This would be one of few bright spots for Crowley in the early part of 1883; he was hitless his other four games in April, ending the month with an .087 batting average (2-for-23).12 Crowley’s performance reached a low point on April 25, when he went 0-for-5 against a minor-league nine from Camden, New Jersey, that folded by July.13

May treated the 26-year-old a bit better, as he batted .279 with several clutch hits and turned in stellar fielding. However, as the month drew to a close, Crowley had a rare lapse in fielding proficiency when he muffed a key fly ball in a May 30 tangle with Cincinnati, leading to the Reds taking the victory in extra innings in front of a “howling mass of humanity.”14 This game was dubbed “one of the greatest struggles for supremacy that has ever taken place on the ball field,” and was played before an estimated 15,000 fans, so many, in fact, that they could not help but interfere with several foul balls.15

The spotlight would continue to betray Crowley in 1883, when the surehanded outfielder made four errors in front of 12,000 fans during a July 1 tilt with the St. Louis Browns.16 Crowley played infrequently during the summer, with young catcher Jack O’Brien and backup outfielder Bob Blakiston getting playing time in center field.17

A couple of days into September, Crowley was no longer a member of the Athletics, having been released while the team was in the thick of a pennant race. The Athletics must have had its issues with Crowley, as they decided that they would rather have center field patrolled by out-of-position players or weak bench options, all while tied with the Browns. It appeared that the club made the correct call: The Athletics rattled off eight wins in their next nine contests, including a series victory over the impressive Browns. But the Athletics wound up winning the American Association crown.

Crowley soon found another home, playing the remainder of the 1883 season with the Cleveland Blues of the National League. There he found his stride quickly, notching seven hits in his first three games.18 Crowley was likely aided by batting sixth in the lineup, with stars Fred Dunlap and Jack Glasscock helping to take the pressure off the beleaguered outfielder.19 While his bat was lively, his once powerful arm began feeling the brunt of long throws from center field (ballparks of the day typically exceeded 450 feet in dead center), and he was pulled from a September 20 game.20

In October the Beaneaters once again came calling, having apparently forgiven Crowley for his past indiscretions and offering him an $1,800 contract, which Crowley spurned.21 A month later the Beaneaters upped the offer to $1,900 and Crowley was Boston-bound.22 The Times-Democrat in New Orleans reported in February 1884 that “Bill Crowley says his arm is well, and he threatens to play great ball for the Bostons this season.”23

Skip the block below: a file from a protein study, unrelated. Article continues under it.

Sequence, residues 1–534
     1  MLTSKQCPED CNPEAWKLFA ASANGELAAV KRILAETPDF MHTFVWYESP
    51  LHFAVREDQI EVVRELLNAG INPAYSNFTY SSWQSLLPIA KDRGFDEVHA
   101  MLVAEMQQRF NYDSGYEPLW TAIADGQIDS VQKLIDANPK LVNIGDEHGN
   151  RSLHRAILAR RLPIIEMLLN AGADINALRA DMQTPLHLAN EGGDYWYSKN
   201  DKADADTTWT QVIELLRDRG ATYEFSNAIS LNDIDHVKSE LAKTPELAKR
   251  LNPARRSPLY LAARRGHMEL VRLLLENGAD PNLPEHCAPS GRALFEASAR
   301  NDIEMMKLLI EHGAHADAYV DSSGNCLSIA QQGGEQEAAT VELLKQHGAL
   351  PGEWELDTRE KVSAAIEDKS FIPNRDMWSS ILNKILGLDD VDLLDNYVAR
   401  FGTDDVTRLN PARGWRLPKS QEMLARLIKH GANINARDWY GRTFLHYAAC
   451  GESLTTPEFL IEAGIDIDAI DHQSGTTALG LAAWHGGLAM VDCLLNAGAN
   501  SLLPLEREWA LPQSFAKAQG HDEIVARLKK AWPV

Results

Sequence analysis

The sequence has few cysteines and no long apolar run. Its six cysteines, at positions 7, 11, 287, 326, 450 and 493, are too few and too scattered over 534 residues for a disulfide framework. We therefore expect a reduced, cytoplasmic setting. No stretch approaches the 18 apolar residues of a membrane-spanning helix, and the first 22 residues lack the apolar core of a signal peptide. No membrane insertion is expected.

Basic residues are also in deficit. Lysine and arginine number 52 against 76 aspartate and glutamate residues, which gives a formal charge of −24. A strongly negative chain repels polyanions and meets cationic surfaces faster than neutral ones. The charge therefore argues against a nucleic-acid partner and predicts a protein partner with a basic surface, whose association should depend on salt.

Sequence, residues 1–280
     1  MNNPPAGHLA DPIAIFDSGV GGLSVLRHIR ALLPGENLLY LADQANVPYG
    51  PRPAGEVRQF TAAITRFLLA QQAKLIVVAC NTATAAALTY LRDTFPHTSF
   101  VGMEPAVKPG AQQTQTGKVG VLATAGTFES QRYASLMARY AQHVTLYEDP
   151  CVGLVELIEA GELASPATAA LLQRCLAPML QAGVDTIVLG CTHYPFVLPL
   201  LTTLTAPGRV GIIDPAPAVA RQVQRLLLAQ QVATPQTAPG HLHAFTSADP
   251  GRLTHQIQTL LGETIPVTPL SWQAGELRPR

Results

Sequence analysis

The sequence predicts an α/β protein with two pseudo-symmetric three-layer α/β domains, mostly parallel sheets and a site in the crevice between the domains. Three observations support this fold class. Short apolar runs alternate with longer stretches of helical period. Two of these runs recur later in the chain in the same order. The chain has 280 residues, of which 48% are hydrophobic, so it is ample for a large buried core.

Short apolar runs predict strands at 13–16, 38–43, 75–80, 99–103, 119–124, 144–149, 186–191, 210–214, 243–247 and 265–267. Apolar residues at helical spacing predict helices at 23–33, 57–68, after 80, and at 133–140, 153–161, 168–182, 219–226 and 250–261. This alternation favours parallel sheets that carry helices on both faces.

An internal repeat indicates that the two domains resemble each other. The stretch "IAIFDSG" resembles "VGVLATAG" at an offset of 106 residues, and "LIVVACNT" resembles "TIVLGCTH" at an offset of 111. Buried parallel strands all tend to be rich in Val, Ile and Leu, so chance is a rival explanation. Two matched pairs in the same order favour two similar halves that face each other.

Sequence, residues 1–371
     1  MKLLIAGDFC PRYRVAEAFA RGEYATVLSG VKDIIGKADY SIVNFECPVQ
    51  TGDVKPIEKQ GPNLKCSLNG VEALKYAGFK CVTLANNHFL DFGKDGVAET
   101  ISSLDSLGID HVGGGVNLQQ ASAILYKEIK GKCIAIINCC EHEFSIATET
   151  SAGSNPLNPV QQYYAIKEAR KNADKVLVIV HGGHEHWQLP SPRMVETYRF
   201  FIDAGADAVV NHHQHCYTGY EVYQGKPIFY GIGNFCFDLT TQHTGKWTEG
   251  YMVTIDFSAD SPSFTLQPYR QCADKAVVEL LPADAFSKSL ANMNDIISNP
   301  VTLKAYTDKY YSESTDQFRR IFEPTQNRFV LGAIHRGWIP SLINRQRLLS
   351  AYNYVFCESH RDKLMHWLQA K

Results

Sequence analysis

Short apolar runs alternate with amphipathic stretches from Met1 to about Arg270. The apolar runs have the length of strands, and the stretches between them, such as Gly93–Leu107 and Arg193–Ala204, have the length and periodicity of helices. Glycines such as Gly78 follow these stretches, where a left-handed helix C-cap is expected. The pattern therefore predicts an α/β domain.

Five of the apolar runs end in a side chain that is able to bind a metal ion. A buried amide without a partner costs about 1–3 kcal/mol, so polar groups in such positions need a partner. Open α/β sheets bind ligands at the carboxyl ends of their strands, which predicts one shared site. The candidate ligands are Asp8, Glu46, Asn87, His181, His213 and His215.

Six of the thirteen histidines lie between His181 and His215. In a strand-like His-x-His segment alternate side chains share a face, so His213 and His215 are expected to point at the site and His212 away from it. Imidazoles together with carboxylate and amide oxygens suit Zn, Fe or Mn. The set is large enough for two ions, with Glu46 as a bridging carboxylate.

Great ball he did play, posting his best batting season to date, belting six home runs and tying for the team lead with 61 runs batted in.24 Two of those home runs came in the span of a week against Old Hoss Radbourn of the Providence Grays, who was in the midst of his historic 60-win season, one baseball historians consider a prime candidate for the greatest pitching season of all time. On the negative side, on June 7 Crowley struck out to end Charlie Sweeney’s 19-strikeout game, a record that stood for 102 years until it was broken by Roger Clemens in 1986.25

Crowley primarily played right field for the Beaneaters, and was considered to be one of the finest fielders to ever grace the South End Grounds. This was no small feat, as the right-field foul pole at the Grounds was 255 feet from home plate, with 440 feet to the fence in right-center. Two years after his death, the Boston Globe claimed that “Jack Manning, Bill Crowley and Tom McCarthy are the only players that ever mastered the trick of playing right field on the Boston grounds.”26

Boston held the league lead as late as August 6, with a 50-20 record, a half-game ahead of Providence, but middling performance from the Beaneaters (23-18) and dynamic play from the Grays (35-8) down the stretch gave the National League crown to Boston’s close rival.

In November the Boston Globe reported that Crowley had signed with Buffalo, a decision that he claimed was due to being under the influence of alcohol and one he apparently regretted.27 Crowley shifted from right to left field, likely due to the arm issues that continued to plague him. The move failed to fully keep Crowley healthy, as he reportedly missed time due to the “old complaint” in the summer of 1885.28 With his arm deteriorating, and his bat going quiet – his .241 average in 1885 was the worst full-season mark of his career –  Crowley (and the Buffalo Bisons for that matter) never played in the major leagues again.

Buffalo was bought out by the Detroit Wolverines, who now owned the rights to Crowley. His defense a far cry from where it was when he graced the South End Grounds, he was released by Detroit so he could negotiate with other clubs.29 A club from Macon, Georgia, showed interest, but Crowley was not keen on going south and believed he could find a better contract offer.

Nothing north of the Mason-Dixon line materialized, and Crowley indeed headed south to play for the Charleston (South Carolina) Seagulls of the Southern Association. He occasionally dazzled fans with phenomenal defensive plays,30 but his batting continued to decline and he was released in a cost-cutting measure by the end of July after batting .236 in 83 games.31